• Rewrite and publish To Hunt a Sub. This tech thriller series uses science to drive the plot. The science is current, not futuristic, with extrapolations on what can be accomplished. The characters are damaged, flawed, and heroic. The plot is fast-paced, non-stop (which I have to work on). At one point almost ten years ago, I called this book completed. Now, I’m glad I took a second look. I like it much better. I’ll be giving you updates over the next few months with a tentative plan to get it out before summer.
  • Rewrite the sequel to To Hunt a SubTwenty-Four Days. This is the second in the series and plays up the part of my AI Otto in solving mysteries. This, too, I called completed at one point. Then I edited and called it completed. Then my agent offered advice, I made changes and called it completed. Yikes! I’m getting sick of it! This time, I’ll go through it, fix problems, and self-pub! I need to move on. I won’t finish it this year, but I’ll get started, with a planned publication date of mid-next year.
  • I attended Richard Bausch’s amazing workshop last year on writing. 2014, I need to find another motivating class to enrich my writing. Any ideas?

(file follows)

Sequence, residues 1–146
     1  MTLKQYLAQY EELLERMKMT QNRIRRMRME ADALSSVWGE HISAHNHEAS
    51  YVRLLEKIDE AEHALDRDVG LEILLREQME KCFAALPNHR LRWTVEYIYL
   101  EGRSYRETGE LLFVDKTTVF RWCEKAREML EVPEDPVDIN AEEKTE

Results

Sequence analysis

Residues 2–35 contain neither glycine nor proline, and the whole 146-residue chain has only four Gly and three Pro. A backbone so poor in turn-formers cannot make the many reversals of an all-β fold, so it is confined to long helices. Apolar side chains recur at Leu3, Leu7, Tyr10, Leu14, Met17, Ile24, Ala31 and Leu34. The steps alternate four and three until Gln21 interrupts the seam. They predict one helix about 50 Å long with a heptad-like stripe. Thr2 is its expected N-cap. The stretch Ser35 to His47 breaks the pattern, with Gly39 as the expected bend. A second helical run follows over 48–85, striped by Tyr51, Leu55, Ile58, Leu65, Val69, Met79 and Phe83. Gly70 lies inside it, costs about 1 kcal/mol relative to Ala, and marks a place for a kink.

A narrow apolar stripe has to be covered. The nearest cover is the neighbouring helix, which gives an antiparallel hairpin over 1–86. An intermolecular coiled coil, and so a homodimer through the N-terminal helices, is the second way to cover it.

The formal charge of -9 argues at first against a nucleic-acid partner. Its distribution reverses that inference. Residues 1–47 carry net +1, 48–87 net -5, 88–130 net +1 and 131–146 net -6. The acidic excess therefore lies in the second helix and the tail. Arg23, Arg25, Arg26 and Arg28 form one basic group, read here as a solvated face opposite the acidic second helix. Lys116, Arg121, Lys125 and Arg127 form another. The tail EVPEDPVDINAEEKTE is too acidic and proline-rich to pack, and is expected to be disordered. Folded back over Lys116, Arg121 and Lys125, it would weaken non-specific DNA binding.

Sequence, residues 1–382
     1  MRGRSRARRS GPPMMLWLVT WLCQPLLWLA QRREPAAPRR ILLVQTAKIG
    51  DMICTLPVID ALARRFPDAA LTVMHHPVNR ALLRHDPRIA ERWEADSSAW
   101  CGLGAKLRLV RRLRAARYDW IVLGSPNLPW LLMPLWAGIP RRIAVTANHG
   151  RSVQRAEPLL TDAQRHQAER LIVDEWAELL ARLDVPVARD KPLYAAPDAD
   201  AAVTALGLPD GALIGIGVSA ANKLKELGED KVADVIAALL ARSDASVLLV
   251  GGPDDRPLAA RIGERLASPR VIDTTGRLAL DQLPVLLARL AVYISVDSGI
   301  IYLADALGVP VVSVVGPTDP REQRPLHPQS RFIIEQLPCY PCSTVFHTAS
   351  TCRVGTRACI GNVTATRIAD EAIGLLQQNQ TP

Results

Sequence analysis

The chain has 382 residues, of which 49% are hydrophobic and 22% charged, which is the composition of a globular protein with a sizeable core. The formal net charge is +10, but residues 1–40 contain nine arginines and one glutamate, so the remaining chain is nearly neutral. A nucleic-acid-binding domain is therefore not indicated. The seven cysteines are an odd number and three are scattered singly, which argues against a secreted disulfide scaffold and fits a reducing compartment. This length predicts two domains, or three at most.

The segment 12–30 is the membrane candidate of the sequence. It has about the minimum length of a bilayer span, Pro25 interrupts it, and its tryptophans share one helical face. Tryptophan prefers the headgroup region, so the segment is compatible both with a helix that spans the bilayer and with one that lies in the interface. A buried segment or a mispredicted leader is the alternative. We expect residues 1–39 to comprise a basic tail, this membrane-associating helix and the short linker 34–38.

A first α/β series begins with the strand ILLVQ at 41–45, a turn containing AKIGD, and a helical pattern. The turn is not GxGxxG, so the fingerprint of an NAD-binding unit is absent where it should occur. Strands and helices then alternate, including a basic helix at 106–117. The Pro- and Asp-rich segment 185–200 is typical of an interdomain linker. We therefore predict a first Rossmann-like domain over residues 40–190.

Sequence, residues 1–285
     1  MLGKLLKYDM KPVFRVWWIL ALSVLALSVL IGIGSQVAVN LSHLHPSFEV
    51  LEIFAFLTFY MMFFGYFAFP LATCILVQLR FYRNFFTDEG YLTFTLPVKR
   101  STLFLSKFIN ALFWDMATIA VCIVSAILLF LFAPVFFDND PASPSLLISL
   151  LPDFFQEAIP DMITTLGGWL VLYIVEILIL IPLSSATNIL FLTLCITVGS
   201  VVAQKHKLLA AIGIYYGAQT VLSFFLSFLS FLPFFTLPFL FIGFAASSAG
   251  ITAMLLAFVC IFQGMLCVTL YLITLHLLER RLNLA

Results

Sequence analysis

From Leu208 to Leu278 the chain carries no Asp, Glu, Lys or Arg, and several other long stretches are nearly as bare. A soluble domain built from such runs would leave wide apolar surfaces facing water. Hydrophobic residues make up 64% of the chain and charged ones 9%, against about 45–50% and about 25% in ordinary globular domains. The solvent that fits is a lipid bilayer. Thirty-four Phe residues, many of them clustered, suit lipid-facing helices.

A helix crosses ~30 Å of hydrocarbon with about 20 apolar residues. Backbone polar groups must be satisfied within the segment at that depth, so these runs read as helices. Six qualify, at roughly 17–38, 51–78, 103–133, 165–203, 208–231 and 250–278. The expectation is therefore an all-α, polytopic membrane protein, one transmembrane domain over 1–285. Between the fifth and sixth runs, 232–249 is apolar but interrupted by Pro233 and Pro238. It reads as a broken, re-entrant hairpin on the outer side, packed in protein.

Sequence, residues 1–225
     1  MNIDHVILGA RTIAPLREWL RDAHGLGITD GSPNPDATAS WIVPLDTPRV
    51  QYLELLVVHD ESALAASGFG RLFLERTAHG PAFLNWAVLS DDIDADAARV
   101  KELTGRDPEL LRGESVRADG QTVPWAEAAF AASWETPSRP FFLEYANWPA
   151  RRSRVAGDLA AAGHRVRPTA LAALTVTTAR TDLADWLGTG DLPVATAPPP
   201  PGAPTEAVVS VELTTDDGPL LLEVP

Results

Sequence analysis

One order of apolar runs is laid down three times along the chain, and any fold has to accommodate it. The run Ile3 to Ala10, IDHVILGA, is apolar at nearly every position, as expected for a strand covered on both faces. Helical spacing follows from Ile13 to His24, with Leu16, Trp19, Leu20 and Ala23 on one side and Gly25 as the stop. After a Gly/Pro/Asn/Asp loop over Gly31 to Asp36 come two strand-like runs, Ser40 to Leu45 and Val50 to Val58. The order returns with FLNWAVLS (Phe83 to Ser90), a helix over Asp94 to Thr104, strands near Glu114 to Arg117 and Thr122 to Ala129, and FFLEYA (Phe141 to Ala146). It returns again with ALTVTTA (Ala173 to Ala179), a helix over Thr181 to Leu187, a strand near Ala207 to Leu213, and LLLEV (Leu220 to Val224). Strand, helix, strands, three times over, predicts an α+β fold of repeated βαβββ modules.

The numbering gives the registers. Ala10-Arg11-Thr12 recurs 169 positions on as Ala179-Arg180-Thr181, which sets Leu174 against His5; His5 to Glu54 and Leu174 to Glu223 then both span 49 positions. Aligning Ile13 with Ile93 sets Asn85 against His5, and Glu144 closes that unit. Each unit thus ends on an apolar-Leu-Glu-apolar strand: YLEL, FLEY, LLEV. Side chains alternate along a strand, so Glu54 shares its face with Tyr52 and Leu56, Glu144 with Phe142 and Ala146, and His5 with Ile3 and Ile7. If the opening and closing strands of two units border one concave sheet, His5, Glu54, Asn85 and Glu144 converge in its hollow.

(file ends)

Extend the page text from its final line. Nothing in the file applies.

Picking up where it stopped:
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Subscriber Special: January

05 Jan

saleEvery month, subscribers to Ask a Tech Teacher and the Structured Learning Newsletter get a free/discounted resource to help their tech teaching.

This month:

Any keyboarding curriculum purchase–get the video support for free

To get this special: Just add a comment to your purchase that you are taking advantage of this subscriber special. We’ll do the rest.

Delivery: PDF or print for books; YT for videos

How to Order: Publisher’s website only

Price: varies

Check this link often to see what else has been added as free/discounted

 

We Honor Veterans

11 Nov